It’s still a race

Haven’t done a TIART in a while so I thought I would chime in.  This week’s topic is about 5K/10K.

I used to run a lot of 5 and 10K races back in the day.  Then I got this crazy idea to run a marathon and before it was over with I was a total running snob.  I didn’t want to run “those” races because they were WAY too short.  Whatever…  I was an idiot.  The 5k/10k distance race is fantastic for a million reasons.  Here is what I think and then How I run them.

What I think

Whether you are an experienced ultra marathoner or are doing your first Couch to 5k race, these distances are perfect for you.  Now, before you ultra-snobs jump me and beat me with water bottles (or Twinkies… bleh… you guys really eat that crap?), let me ‘splain.

New runners- The 5k is a perfect first race.  The distance allows you to get the experience of running with a group, crossing the finish line, setting goals and getting fit.  But it does not take a huge amount of time to train for like the longer races.  An hour (max) a day for 4-5 days a week is all you need to get sufficient mileage in to successfully complete a 5K.  And the benefits are overwhelming.  Just be careful.  It’s addictive…

Experienced runners- Put your hackles down and listen.  If you pound long distances all the time, that is all you will ever be able to do.  I am NOT a fast runner, but by varying my workouts and forcing myself to run shorter and faster, I find I improve all around.  And I have BEATEN runners, who I KNOW run much more mileage than I do, in a 5K because they have only been doing long runs for so long that they have forgotten how to run FAST.  It is a completely different experience.  If it makes  you feel better, go for a run after your… run.

What I like:

It’s still a race.  You have to push yourself to get better.  The atmosphere is different.  Everybody knows a 5k will usually be over and completely done and the clock put away in about an hour.  So the energy is higher.  These distances give me the chance to play with things that longer runs don’t.  I can work hills, extend my stride on downhills, attack, sprint or just cruise and enjoy running with lots of people.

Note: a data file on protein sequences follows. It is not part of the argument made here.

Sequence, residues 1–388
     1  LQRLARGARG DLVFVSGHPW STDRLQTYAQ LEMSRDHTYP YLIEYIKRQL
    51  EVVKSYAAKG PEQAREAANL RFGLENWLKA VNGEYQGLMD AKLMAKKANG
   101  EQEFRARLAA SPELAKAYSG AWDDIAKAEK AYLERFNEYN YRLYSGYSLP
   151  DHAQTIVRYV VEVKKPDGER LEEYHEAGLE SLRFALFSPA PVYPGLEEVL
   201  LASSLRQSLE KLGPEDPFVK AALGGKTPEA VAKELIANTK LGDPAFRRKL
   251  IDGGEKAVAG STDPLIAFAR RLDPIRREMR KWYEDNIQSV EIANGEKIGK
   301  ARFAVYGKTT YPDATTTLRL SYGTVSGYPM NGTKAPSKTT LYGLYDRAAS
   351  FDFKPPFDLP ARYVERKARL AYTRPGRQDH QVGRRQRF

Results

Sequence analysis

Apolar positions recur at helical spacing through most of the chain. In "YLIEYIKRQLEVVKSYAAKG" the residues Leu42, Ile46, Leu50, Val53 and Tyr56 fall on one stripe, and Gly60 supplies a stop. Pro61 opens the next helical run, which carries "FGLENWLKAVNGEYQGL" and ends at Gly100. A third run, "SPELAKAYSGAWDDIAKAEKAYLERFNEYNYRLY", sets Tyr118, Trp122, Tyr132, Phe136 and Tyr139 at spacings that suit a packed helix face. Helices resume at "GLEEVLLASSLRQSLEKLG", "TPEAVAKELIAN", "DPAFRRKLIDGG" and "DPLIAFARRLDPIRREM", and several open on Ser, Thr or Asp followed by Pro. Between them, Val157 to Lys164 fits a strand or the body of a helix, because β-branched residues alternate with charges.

What I do:

Because I have run longer for the last few years, I have found the best recipe for me is to get to the site early and run a few miles before the race (trying to time it so I get back to the starting line just in time is the hard part).  I do this, not to show off my mad mileage skills, but simply to warm up.  I have run long for SO long that I don’t even stop creaking and popping until about mile 3.  Getting the joints lubed takes some time and I find that I actually run FASTER when I do this, rather than slower like you would think.  I don’t take water if offered.  My race is usually just over 20 minutes.  If I need water, I haven’t prepared properly.  Besides, my race is usually half over by the time I hit the first (and usually last and only) water stop.  I can wait 10 minutes…  Once the race is about to start I try to block out everything and really focus on my race.  This is HARD.  There are tons of distractions and it’s easy to get sucked into the flow.  My last race I wanted to run 7:30s.  That was my only goal.  I don’t remember much of the race (except for getting nauseated for some stupid reason) and didn’t chat a whole lot with other runners.  I came in at 7:29/mi.  That’s pretty good.  the 5k distance may be shorter, but it’s still a race and I try to take them seriously (for the most part).

My suggestions:

Focus on YOUR pace.  The danger of shorter races is that a lot of the “athletes/runners” that enter them… well… aren’t.  They think that because they can run a mile they can run a 5K.  Or they do it because somebody dared them.  Look, nobody wants to get dropped off the starting line by some goob wearing boxer shorts or a chick who matches all the way down to her lipstick and nails.  I have rarely ever been BEATEN by one of them.  They haul ass off the starting line to the roars of their buddies and then bonk about a mile and a half into the race.  But if you try to stick with them to show them who the athlete is, you will ruin your own chances to succeed by trying to stick with some ridiculous pace.  Pick a steady pace and you will pass a ton of people in the last mile that you never thought you could run with.

By the same token, you WILL go out too fast in your first few 5Ks.  It’s natural.  You are excited.  The adrenaline will take over and before you know it you are two minutes ahead of your goal pace at the first mile marker.  It’s OK.  Just relax and go back to your pace.  You’ve only got two miles to go!  Like many have pointed out here, the race is so short you can walk it in if you have to and still get a decent time out of it.  Just keep running.

Save something for the end.  You signed up, paid money, trained and made sacrifices to get to this point.  Why on EARTH would you leave anything on the course?  Work your hardest and then sprint to the end.  You will feel better for it later.

Finally, meet people.  Shake hands.  Congratulate each other.  Swap stories and phone numbers.  Make friends and running buddies.  That’s really what it’s all about.  And besides, that guy that won the race?  He’s pretty lonely.  It must suck to be so fast nobody wants to run with you…

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2 Responses to It’s still a race

  1. Bob Allen says:

    Good advice to focus on “your” pace in a 5K. But, it’s hard to do. The race is short enough to go fast and the adrenaline is really pumping (at least it was for me)

  2. merrymishaps says:

    Great post!
    I’m a slowish runner and have done everything from 5Ks to marathons. (Er, marathon. Can’t make that plural until I run another one!). I think it’s great to mix up the distances … even if I was kind of annoyed my Galloway marathon messed up my shorter race speed 🙂

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